www.sciencenews.org | June 23, 2018 13
a 51 percent rise in the incidence of
colorectal cancer since 1994.
Scientists aren’t sure why the disease
is increasing among younger Americans.
But it’s not just in relation to the older
group; the absolute case numbers are going up, Chan says. “The increase we are
seeing is not simply a reflection of the
drop in cancer among older groups who
are being screened.” — Aimee Cunningham
EARTH & ENVIRONMENT
As carbon dioxide increases, rice
loses B vitamins, other nutrients
By the end of this century, rice may not
deliver the same levels of B vitamins as it
does today. Protein and certain minerals
will dwindle, too, new data suggest.
Testing higher carbon dioxide concentrations in experimental rice paddies in
China predicts losses in four vitamins,
B1, B2, B5 and B9, an international team
reports May 23 in Science Advances.
Adding results from similar experiments
in Japan, the researchers also note an
average 10. 3 percent decline in protein,
an 8 percent fall in iron and a 5. 1 percent
fall in zinc, supporting previous studies of
rice and other crops (SN: 4/1/17, p. 14).
Two exceptions to losses: Vitamin B6 levels remained unchanged and vitamin E
In the experimental setups in China
and Japan, researchers grew 18 varieties
of rice. Piping exposed the rice to CO2
concentrations elevated to 568 to 590
parts per million — higher than the current level of 410 ppm, but in line with the
trend toward 570 ppm in this century.
Nine rice varieties grown in China and
tested in their unrefined brown rice form
differed in degree of vitamin loss. On
average, B1 levels (thiamine) declined
17. 1 percent; B2 levels (riboflavin), 16. 6
percent; B5 (pantothenic acid), 12. 7 per-
cent; and B9 (folate), 30. 3 percent.
Such declines could threaten the
health of those who depend heavily
on rice, now about 600 million people.
B vitamins help with a range of bodily
tasks, from maintaining a healthy brain
to enabling normal fetal development.
— Susan Milius
HUMANS & SOCIE TY
A coastal route could have led
humans into the Americas
Ancient colonizers of the Americas could
have traveled down Alaska’s Pacific coast
in canoes or other sea vessels around
17,000 years ago, a new study finds.
At that time, toward the end of the
Ice Age, glaciers had just receded from a
cluster of southern Alaskan islands, say
geologist Alia Lesnek of the University at
Buffalo in New York and colleagues. Life-supporting habitats appeared soon after
the ice melted.
The study, reported May 30 in Science
Advances, is the latest to weigh in on the
debate over how humans spread into
the New World after arriving from Asia
and reached as far as South America by
14,500 years ago. Previous work hinted
that an inland, ice-free corridor from
Alaska through what’s now British
Columbia may not have contained
enough vegetation and wildlife to enable
human travel before 12,600 years ago.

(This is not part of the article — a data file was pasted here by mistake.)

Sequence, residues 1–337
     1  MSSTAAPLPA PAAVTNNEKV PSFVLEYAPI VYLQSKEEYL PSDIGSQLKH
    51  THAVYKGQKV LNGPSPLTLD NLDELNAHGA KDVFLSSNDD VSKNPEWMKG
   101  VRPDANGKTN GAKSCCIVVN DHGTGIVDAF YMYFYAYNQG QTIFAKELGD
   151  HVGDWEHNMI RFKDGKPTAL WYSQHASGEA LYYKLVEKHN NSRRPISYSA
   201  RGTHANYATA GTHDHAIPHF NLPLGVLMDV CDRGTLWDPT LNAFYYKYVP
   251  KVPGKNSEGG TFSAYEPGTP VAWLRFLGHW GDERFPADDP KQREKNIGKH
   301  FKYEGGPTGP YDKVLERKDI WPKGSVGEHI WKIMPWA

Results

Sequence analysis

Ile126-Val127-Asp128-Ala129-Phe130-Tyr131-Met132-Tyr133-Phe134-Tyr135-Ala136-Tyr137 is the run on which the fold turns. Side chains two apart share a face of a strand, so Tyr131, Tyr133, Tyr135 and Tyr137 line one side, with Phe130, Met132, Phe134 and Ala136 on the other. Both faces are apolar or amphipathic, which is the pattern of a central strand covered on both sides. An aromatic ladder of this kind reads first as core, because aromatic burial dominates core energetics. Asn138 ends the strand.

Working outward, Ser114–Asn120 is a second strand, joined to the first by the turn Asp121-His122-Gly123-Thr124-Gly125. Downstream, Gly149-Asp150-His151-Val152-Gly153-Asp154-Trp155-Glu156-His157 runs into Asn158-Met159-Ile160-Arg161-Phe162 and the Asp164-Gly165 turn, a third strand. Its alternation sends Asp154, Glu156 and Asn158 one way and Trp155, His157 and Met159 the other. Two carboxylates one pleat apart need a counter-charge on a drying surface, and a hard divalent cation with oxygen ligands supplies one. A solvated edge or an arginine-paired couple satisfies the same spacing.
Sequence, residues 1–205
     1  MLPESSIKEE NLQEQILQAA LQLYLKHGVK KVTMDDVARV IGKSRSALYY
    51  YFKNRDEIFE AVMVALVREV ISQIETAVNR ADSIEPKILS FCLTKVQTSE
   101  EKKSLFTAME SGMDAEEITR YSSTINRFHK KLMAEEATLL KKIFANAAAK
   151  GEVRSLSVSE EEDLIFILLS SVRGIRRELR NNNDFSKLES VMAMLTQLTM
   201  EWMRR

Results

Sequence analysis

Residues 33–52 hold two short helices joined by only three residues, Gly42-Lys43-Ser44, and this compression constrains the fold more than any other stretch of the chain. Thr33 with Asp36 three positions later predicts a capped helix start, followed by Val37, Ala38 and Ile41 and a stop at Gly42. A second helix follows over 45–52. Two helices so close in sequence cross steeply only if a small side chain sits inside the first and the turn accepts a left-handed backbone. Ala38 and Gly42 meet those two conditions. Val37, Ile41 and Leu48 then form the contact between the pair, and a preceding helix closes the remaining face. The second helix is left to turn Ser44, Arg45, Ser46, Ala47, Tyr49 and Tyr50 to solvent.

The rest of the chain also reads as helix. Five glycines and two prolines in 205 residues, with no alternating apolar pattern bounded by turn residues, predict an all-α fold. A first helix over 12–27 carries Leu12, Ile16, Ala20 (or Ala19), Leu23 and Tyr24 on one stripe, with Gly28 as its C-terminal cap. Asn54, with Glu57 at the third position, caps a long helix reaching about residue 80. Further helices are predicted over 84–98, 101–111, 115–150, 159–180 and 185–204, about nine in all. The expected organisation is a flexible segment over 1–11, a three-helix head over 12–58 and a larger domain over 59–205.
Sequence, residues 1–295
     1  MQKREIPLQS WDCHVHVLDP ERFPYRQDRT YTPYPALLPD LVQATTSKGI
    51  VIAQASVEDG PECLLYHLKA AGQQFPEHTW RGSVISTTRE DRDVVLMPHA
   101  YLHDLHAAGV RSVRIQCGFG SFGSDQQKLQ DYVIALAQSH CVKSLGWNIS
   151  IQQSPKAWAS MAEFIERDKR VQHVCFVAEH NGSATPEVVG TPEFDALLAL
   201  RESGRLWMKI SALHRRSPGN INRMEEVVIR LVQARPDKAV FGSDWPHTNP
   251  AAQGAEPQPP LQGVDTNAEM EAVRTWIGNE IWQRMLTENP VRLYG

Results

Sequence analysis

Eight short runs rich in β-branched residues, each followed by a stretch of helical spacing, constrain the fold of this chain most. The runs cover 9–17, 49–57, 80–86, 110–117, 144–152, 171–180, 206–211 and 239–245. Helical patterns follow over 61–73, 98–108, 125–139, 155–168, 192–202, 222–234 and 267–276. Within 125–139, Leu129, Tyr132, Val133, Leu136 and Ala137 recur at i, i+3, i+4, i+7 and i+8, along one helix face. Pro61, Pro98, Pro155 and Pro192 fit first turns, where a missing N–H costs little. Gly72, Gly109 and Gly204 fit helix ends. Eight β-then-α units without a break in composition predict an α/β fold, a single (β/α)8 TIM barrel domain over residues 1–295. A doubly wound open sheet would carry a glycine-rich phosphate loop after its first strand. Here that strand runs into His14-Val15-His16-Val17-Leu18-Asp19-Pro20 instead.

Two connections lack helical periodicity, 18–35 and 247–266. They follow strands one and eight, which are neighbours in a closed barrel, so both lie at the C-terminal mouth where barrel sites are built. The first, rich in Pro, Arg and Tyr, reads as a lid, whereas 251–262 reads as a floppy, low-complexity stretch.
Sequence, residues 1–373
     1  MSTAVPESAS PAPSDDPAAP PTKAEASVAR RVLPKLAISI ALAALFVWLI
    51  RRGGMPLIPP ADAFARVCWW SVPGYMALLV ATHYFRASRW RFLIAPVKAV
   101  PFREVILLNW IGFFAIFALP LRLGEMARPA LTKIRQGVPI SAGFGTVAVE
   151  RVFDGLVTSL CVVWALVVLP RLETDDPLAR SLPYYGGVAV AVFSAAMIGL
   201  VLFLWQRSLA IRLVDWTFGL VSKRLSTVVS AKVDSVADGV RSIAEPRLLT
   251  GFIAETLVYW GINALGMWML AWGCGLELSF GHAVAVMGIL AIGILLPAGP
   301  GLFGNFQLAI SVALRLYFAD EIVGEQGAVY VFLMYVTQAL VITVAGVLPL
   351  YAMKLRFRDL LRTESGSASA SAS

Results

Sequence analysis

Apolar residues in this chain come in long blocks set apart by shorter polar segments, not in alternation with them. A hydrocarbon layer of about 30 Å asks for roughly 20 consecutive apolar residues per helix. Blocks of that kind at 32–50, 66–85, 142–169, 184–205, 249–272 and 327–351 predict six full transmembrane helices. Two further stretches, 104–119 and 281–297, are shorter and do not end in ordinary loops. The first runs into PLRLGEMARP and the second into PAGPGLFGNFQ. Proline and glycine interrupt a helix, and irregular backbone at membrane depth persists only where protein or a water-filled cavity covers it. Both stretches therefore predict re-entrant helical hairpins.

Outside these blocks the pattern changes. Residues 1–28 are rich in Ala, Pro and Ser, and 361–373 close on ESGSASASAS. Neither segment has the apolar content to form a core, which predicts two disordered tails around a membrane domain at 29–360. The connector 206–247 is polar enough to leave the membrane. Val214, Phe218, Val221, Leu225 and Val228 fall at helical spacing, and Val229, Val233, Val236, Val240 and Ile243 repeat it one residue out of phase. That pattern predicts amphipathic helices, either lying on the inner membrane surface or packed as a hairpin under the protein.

New geologic evidence supports the
coastal route idea, though Lesnek’s team
found no human bones or artifacts.
Measures of chemicals that accumu-
late in rock due to cosmic radiation once
glaciers retreat provided age estimates
for when four Alaskan islands lost
their ice coats. A pathway for coastal
travelers probably existed along the
entire southeastern Alaskan coast about
17,000 years ago, the scientists say.
Radiocarbon dates for a seal’s bones
found on a southern Alaskan island
indicate the seal lived 17,000 years ago,
suggesting the area was habitable soon
after glaciers left. — Bruce Bower
ATOM & COSMOS
Dark matter is still in hiding
The largest particle detector of its kind
has failed to find any hints of dark matter,
despite searching for about a year.
Known as XENON1T, the experiment is
designed to detect dark matter particles,
which are thought to make up most of
the matter in the cosmos. Physicists don’t
know what dark matter is. One of the
most popular explanations is a particle
called a WIMP, short for weakly interact-
ing massive particle. XENON1T searches
for WIMPs crashing into atomic nuclei in
1,300 kilograms of chilled liquid xenon.
But XENON1T saw no clear signs of such
collisions. The particles’ absence further
winnows down their possible hiding
places by placing new limits on how fre-
quently WIMPs can interact with nuclei
depending on the mass of the WIMP.
Researchers described the results
May 28 in two talks, one at Gran Sasso
National Laboratory in Italy, where
XENON1T is located, and the other at
the particle physics lab CERN near
Geneva. XENON1T had previously
reported no hint of WIMPs using about a
month’s worth of data (SN: 9/30/17,
p. 17). The new study was highly antici-
pated, as the longer search provided a
better chance for spotting WIMPs.
As the WIMP window narrows,
scientists are preparing to rev up the
search, creating more-sensitive WIMP
detectors and looking for other possible
dark matter particles, such as axions (SN
Online: 4/9/18). — Emily Conover
Extra carbon dioxide can be piped into a section of a Japanese rice paddy to simulate a future
atmosphere. Such tests suggest that rice will have lower levels of some B vitamins by 2100.